But I'm not sure I get a no-tights rule - if players think it helps them play, why should the NBA argue? It's not like the tights are ugly, distracting, or convey some kind of antiestablishment sentiment.

The problem as I see it is that while there may not be a medical need, except in certain cases, it could be argued that the trend gives players a psychological advantage or confidence. At the least, while a benefit to wearing tights is questionable, they haven't been shown to hurt quality of play.

So if it's not about quality of play, it would seem that the NBA is objecting solely to the superficiality and the fact that it deviates from the normal NBA on-court dress. So the issue becomes more one of taste - are tights garish or different enough to warrant banning. Would the NBA rather all players have to wear tights?

It's one thing to exceed the boundaries of good taste. But since the tights aren't ostensibly distracting to opposing players or the crowd (maybe we can talk about this when the players start wearing patterened tights or tights with bright sequins to distract opposing players), I don't think the NBA should be able to do this.

All I see here is an attempt to curtail player autonomy, for no apparent reason except the need to exert control over the players - the fear that if tights are allowed, other exceptions can be made - knee socks, headgear, etc.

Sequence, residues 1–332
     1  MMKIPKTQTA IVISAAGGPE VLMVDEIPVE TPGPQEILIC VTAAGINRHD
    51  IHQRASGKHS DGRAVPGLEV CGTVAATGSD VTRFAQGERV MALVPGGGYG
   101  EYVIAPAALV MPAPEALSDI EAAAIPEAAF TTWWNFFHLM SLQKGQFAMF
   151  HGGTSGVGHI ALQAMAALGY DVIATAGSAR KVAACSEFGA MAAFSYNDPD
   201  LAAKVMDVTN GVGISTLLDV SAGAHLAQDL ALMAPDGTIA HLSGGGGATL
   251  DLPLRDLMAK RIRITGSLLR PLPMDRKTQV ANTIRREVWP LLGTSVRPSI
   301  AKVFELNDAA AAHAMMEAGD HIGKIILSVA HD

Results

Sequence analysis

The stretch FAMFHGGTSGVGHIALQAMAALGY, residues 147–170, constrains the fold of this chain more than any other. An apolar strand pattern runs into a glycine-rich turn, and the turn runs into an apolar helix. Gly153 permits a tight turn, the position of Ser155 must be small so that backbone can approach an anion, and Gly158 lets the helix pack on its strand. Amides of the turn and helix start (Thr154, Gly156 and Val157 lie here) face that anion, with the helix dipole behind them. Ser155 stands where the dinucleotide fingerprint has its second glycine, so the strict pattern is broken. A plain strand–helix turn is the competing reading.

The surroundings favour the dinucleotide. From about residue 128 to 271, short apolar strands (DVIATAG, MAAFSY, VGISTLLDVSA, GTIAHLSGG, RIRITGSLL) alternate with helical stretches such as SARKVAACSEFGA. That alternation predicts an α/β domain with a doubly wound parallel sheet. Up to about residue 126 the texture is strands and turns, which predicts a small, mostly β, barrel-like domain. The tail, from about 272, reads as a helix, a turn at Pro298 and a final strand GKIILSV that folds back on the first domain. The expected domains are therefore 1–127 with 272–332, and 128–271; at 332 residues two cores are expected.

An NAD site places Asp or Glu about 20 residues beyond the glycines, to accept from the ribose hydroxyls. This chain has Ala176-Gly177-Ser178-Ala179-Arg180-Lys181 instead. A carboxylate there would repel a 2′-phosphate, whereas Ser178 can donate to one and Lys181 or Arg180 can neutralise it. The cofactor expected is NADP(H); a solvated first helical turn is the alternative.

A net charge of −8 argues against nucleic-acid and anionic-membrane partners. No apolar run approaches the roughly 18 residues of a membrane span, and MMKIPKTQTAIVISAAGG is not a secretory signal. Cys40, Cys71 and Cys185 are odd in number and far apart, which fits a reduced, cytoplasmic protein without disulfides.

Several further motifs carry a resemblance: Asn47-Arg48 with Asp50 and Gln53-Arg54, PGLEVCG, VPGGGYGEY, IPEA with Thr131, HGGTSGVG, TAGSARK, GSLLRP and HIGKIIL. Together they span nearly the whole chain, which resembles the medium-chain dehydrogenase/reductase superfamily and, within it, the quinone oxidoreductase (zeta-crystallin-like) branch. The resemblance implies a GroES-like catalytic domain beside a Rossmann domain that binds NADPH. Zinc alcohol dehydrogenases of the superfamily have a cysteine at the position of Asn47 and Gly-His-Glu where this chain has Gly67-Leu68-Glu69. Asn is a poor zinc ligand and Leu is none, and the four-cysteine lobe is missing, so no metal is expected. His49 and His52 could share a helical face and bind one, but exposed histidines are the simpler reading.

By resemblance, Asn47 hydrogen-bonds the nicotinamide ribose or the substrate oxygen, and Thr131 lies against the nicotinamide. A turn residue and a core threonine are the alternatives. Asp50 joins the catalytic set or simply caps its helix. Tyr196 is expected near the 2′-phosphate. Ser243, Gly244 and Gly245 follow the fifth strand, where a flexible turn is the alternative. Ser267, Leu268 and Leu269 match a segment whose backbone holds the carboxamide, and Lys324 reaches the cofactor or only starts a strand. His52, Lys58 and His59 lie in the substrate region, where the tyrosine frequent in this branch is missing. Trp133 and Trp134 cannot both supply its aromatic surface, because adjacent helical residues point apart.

Blogger Satchmo -- 4/01/2006 12:01 AM  

Given that Adam Morrison is likely to be playing in the NBA next year, perhaps the league should also consider banning crying on the court and whispy mustaches?

Blogger Geoffrey Rapp -- 4/01/2006 10:23 AM  

I'm glad that the NBA is so fashion conscious. I think it's about the time for Selig to have a make-over too... that should be their next policy.

Anonymous Anonymous -- 4/02/2006 12:47 AM  

Greg, regarding your statement earlier, why hasn't the NBA banned Iverson's elbow sleeve, headbands, arm bands, face protectors (which do protect an individual, but then again, "one wonders how Jordan ever managed to play without a face mask), etc? Sources say that league management just doesn't like the "look of tights", but I think they're just threatened because their friends are making fun of them for letting NBA players wear "tights".

With regards to the comment, "one wonders how Jordan ever managed to play without tights", why don't you say, "one wonders how Jordan ever managed to play without a headband?", or one wonders how football players were able to play without visors or underarmour long sleeves underneath their pads. Plus, these type of compression tights weren't even available when Jordan played. Obviously, the league is trying to not look "sissy" but if you're a mature individual, I don't think you'll be too offended by "tights".

Lastly, I agree, it is their league, but maybe they should listen to people when 75% of Americans (according to an ESPN poll - 50000+ voters) don't understand why the league is banning tights (and I'm sure that not all of that 75% think that it's "cool looking").

Anonymous Anonymous -- 4/03/2006 4:10 PM  

what a load of nonsense does it really matter if they wear tights or not!


so just let them wear them !

Anonymous v walker -- 6/28/2007 10:32 AM  

thank you

Anonymous kurtlar -- 2/11/2009 1:07 PM  

Post a Comment